Showing posts from May 4, 2018

Today's Trumpery

[Welcome to the monkey house. A daily pastiche of Trumpisms and responses thereto. *RON*]

Trump's new 'Stormy' story stuns many in West Wing, CTV News  [White House press secretary Sarah Huckabee Sanders said she first learned that Trump had repaid the hush money from Giuliani's interview on "Hannity." No debt to Cohen was listed on Trump's personal financial disclosure form, which was certified on June 16, 2017. Asked if Trump had filed a fraudulent form, Sanders said: "I don't know."]

Trump voters hurt most by Trump policies, new study finds, Think Progress

Hey Trump! The 1930s Called, They Want Their Trade Policy Back. Reason [More than 1,000 economists (including Nobel Prize winners) have penned an open letter to the White House, warning not to repeat mistakes of the past.]

New executive order aims to protect religious liberty from government overreach, Religion News Service [American Taliban]

World Press Freedom Day: United States falls two …

I Know Which Country the U.S. Will Invade Next

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[Interesting piece that draws a direct line between banking interests, dropping the US dollar, and US invasion. *RON*]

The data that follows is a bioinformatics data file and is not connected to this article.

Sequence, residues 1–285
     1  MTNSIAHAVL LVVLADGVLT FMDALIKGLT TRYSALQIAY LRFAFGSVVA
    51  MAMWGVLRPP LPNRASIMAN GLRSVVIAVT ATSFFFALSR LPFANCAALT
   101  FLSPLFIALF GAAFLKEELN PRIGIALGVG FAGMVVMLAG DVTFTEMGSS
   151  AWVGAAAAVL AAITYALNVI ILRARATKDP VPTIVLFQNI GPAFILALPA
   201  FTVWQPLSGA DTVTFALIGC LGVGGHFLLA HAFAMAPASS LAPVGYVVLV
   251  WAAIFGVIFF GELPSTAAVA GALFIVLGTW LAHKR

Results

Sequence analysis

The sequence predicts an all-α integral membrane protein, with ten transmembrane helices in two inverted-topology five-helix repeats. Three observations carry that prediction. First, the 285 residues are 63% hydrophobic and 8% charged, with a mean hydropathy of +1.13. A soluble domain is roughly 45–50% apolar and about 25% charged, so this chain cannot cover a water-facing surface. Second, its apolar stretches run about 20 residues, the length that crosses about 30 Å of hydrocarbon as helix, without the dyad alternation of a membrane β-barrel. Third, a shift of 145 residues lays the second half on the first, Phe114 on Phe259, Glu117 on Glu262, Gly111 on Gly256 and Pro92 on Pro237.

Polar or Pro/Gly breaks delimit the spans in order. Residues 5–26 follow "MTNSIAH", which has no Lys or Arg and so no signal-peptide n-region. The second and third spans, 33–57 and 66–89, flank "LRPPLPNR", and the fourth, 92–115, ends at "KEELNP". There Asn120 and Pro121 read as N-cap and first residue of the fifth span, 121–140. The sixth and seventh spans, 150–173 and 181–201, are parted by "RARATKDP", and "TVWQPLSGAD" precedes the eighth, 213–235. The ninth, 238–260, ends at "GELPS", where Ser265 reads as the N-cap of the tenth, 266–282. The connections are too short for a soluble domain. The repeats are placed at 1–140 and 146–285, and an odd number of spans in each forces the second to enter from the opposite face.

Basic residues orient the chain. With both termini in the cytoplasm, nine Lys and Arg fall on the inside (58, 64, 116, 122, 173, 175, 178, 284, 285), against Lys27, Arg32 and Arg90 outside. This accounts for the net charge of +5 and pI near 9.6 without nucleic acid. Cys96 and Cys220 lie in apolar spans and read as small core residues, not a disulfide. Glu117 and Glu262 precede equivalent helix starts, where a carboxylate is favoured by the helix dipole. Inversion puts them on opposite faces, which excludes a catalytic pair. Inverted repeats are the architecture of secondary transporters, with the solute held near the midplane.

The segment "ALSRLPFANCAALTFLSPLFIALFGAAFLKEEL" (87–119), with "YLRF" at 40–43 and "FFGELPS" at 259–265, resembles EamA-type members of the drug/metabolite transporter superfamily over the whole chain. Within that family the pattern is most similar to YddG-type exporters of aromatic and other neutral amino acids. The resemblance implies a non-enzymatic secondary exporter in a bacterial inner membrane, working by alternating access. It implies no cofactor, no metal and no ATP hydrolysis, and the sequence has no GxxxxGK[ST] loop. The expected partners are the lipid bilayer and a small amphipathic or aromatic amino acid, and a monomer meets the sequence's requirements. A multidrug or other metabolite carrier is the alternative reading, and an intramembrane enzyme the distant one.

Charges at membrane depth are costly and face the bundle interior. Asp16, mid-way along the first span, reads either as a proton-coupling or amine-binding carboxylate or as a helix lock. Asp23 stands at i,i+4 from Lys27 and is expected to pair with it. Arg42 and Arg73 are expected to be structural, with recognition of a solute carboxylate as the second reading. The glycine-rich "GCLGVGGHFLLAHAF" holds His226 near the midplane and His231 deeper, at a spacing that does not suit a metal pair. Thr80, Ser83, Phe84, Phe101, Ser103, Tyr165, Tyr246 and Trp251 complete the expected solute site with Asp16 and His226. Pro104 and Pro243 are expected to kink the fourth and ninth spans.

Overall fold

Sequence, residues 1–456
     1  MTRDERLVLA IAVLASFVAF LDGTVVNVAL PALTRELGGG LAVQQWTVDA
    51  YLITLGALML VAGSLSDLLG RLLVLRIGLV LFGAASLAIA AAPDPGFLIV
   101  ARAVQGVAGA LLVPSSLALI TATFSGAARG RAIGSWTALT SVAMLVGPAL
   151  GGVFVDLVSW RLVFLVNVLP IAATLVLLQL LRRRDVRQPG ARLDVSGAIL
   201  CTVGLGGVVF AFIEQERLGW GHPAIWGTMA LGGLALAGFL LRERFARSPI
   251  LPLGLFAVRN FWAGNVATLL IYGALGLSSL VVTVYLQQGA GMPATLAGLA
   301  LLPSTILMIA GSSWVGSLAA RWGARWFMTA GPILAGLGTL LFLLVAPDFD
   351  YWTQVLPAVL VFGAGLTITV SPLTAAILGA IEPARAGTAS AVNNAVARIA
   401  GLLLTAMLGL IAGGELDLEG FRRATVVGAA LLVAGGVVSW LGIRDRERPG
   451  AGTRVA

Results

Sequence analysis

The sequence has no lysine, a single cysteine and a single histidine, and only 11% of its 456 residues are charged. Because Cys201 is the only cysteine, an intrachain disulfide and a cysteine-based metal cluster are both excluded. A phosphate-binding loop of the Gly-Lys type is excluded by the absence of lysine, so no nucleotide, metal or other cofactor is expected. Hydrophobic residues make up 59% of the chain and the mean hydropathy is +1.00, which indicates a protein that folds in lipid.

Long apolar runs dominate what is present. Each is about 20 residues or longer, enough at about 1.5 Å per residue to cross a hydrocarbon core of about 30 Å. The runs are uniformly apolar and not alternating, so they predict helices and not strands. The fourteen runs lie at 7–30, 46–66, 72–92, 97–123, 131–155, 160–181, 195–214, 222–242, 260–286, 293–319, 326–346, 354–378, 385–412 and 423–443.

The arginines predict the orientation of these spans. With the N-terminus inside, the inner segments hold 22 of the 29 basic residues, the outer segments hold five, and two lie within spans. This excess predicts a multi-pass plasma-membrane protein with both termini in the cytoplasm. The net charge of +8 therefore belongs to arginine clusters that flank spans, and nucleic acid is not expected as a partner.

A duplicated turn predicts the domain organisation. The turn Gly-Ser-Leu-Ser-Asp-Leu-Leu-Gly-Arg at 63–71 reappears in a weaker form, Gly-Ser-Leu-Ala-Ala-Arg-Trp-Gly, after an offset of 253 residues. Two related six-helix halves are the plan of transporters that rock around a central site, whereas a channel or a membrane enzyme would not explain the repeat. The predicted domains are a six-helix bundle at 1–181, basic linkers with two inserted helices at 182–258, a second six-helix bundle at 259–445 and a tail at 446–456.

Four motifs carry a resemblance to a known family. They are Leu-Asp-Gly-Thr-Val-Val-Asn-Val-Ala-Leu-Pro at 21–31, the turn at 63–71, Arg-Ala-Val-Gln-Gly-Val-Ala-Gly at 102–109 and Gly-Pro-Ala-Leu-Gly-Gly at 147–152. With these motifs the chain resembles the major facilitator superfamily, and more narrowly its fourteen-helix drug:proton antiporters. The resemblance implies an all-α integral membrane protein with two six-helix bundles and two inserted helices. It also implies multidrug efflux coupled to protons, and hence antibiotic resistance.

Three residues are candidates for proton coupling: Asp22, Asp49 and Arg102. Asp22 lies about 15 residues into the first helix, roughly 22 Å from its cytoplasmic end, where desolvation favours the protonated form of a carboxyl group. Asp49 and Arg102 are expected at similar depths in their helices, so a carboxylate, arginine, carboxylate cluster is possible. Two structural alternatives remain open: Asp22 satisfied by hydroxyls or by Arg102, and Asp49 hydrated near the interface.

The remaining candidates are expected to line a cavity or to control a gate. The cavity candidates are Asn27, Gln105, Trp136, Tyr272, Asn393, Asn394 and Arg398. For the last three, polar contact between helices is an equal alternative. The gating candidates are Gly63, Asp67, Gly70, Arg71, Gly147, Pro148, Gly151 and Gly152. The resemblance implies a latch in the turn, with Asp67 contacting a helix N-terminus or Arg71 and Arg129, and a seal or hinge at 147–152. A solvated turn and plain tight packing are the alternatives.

Lee Camp, Truth Dig, 2 May 2018

By the end of this column, it will be clear which country the United States will invade and topple next. Or failing that, it will be clear which country our military-intelligence-industrial complex will be aching to invade next.

We all want to know why America does what it does. And I don’t mean why Americans do what we do. I think that question still will be pondered eons from now by a future professor showing his students a video mind-meld of present-day UFC fighters booting each other in the head while thrilled onlookers cheer (not for either of the fighters but rather for more booting in the head).

But we all seem to assume that America—the entity, the corporation—has some sort of larger reasoning behind the actions it takes, the actions put forward by the ruling elite. And almost all of us know t…

Tesla shares, bonds drop as CEO Musk bites hand of Wall Street

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[He called questions about his finances "boring" and "boneheaded." The head of one private equity firm called it "the single greatest CEO meltdown in American car history," though another said, "We like Elon Musk and because he gets frustrated it only makes him human." *RON*]

Supantha Mukherjee, Reuters, 3 May 2018

Tesla chief Elon Musk's refusal to answer "boring" Wall Street questions about finances sent the electric vehicle maker's shares down as much as 7 percent on Thursday, jarring investors and raising concerns about its ability to raise money in the future.

Tesla's bonds followed the shares lower and, with at least three brokerages cutting price targets for the stock, several wondered what it would now cost the company to raise more funds this year if need be.

In a conference call on Wednesday, Musk refused to answer questions from analysts on Tesla's capital requirements, say…

Protests in Spain as five men cleared of teenager's gang rape